The visual impact of “Superstorm Sandy” in October 2012 was quite striking. Storm surges in deserted Manhattan streets that are normally bustling with business-people and noisy taxi drivers, along with the wave-pummeled ruins of landmark fairground rides in New Jersey, brought home the reality of extreme weather conditions – but they only told a part of the story. Even though the storm was not of hurricane force, it caused massive damage to sea defences and the harmful effects were, if anything, greater below the water line than above it. But Sandy was far from the only damaging storm – or even the most severe.
There is constant demand for an effective and economical system to help protect thousands of miles of bulkheads, canals and waterfront homes from ever-more intense storms and rising tidal zones. American company Gulf Synthetics maintains that its PurLoc system will provide newly constructed or re-built seawalls with the strength to withstand harsh marine environments and storm surges, and that it will last longer than seawalls made from traditional materials. PurLoc uses Bayer MaterialScience’s Baydur Pul 2500 polyurethane system.
“Polyurethane composite sheets work and act better in a marine environment than traditional materials such as vinyl, wood, concrete and other composites,” said Mitch Wood, owner of Gulf Synthetics, which is headquartered in Cumming, GA, USA. “With Bayer’s polyurethane and our manufacturing technique, we’re able to create a 100% pure polyurethane composite sheet pile section that is 30% stronger than any other composite sheet pile currently available.” Gulf says that testing has found its seawall solution to be nearly as strong as steel sheet pile. Its polyurethane material is also resistant to the chemical, organic and electromagnetic influences that destroy established solutions. Marine borers attack and eat wood, steel will rust and corrode, vinyl degrades under ultraviolet exposure and concrete will deteriorate as the metal reinforcement corrodes. Strict environmental laws prohibit the use of chemically-treated wood and other solvent-based paints or coatings. Gulf maintains that the shortened life cycle of seawalls built with traditional materials increases the expenses of maintenance and replacement.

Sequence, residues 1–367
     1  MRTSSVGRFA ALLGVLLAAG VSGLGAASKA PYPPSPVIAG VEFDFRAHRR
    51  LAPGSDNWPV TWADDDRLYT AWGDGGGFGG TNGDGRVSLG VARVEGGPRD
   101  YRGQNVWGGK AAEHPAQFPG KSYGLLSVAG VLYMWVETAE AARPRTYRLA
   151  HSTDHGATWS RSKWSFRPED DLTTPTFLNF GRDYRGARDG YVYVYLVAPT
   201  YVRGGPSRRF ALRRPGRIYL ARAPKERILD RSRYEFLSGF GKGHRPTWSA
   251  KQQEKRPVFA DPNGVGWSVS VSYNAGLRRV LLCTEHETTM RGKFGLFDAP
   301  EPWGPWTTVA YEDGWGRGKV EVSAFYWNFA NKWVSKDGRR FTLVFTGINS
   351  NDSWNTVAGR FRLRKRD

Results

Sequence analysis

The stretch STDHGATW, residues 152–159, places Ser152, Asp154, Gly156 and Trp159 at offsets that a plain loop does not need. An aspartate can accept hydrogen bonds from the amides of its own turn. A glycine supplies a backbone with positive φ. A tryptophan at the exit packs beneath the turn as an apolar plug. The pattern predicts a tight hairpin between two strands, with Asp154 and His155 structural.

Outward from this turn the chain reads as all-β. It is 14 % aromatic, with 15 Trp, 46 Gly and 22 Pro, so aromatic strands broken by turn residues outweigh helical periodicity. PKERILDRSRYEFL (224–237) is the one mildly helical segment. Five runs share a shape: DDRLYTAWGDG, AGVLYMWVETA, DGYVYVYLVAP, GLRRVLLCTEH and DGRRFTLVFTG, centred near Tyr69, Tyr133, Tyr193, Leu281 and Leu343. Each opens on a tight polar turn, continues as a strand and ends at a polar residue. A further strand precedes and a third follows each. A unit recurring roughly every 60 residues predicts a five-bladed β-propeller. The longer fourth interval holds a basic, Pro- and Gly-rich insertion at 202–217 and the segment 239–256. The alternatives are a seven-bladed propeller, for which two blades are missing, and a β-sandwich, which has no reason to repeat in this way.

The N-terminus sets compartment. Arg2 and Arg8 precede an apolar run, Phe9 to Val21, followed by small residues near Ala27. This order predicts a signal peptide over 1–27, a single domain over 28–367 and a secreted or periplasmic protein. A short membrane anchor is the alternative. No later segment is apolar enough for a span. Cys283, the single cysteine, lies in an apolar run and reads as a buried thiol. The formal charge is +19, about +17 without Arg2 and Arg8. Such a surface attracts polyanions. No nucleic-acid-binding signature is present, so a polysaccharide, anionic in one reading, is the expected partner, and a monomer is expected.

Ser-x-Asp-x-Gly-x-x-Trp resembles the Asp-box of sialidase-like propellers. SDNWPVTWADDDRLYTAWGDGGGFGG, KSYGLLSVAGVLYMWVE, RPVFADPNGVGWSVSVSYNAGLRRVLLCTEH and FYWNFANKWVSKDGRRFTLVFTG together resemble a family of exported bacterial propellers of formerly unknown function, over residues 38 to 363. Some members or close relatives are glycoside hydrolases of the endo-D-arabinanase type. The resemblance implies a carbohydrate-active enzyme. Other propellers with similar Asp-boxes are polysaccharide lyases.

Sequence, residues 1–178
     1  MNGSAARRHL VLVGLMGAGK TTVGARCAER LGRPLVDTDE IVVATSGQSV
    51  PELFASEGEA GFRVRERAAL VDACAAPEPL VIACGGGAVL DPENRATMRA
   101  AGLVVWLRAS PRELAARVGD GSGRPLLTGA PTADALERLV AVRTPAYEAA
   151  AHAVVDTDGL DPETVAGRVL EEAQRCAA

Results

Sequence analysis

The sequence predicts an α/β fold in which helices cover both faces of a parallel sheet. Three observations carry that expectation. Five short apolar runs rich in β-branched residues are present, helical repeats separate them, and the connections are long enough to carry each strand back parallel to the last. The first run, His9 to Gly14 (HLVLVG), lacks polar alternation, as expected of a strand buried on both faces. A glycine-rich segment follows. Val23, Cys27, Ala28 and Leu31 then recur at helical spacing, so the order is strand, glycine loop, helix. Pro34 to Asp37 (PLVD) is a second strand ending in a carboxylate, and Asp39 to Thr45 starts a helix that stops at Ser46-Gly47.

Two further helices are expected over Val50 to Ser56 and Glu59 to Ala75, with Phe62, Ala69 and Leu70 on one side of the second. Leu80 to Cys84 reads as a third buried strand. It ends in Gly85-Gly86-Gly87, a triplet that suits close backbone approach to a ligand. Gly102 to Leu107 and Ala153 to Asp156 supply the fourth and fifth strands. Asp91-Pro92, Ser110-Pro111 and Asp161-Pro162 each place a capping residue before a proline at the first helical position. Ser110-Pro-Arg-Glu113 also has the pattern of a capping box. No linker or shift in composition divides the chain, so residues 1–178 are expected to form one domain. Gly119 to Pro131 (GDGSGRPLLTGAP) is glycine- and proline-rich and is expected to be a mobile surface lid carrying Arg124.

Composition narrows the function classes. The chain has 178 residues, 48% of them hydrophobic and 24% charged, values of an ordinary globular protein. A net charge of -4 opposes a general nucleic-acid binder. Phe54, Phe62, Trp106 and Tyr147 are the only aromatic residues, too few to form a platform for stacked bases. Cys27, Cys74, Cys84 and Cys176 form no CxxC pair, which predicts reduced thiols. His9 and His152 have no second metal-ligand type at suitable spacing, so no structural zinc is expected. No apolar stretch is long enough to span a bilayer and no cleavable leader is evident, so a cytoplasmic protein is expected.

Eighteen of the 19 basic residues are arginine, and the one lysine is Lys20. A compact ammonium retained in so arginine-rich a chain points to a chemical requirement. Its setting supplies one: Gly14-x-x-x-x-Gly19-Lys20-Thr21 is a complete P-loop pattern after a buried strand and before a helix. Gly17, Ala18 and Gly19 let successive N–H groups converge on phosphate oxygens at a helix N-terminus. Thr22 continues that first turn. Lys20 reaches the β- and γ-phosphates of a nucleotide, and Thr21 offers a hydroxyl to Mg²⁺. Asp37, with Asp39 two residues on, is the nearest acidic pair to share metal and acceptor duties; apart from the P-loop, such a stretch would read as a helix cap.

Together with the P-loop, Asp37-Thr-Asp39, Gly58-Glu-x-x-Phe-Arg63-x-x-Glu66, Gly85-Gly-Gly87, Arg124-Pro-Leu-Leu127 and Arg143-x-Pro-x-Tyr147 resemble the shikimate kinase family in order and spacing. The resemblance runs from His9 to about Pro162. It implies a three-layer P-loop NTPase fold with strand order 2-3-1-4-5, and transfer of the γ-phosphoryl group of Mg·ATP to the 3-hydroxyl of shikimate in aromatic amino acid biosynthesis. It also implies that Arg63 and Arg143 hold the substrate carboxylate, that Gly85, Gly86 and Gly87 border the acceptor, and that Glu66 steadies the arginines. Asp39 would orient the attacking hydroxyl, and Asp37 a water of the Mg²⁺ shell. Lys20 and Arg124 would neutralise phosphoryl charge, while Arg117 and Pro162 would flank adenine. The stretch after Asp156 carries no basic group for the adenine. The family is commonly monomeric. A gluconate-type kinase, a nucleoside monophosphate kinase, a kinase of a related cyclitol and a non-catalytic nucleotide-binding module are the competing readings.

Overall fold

PurLoc is manufactured by the pultrusion process and is the first composite sheet pile to use a special urethane injection box, which permits injection of resin through even the most dense layers of roving and fabrics. It works with traditional thermoset resins and with the pure polyurethane family of resins, where glass contents are much higher.
The engineering process was started with a finite element analysis (FEA) study, conducted by Bayer with its PU resin. The study helped Gulf Synthetics design for increased mechanical properties, using Baydur Pul 2500. The company has recently completed a project in Suriname, South America, and is currently involved in five further projects.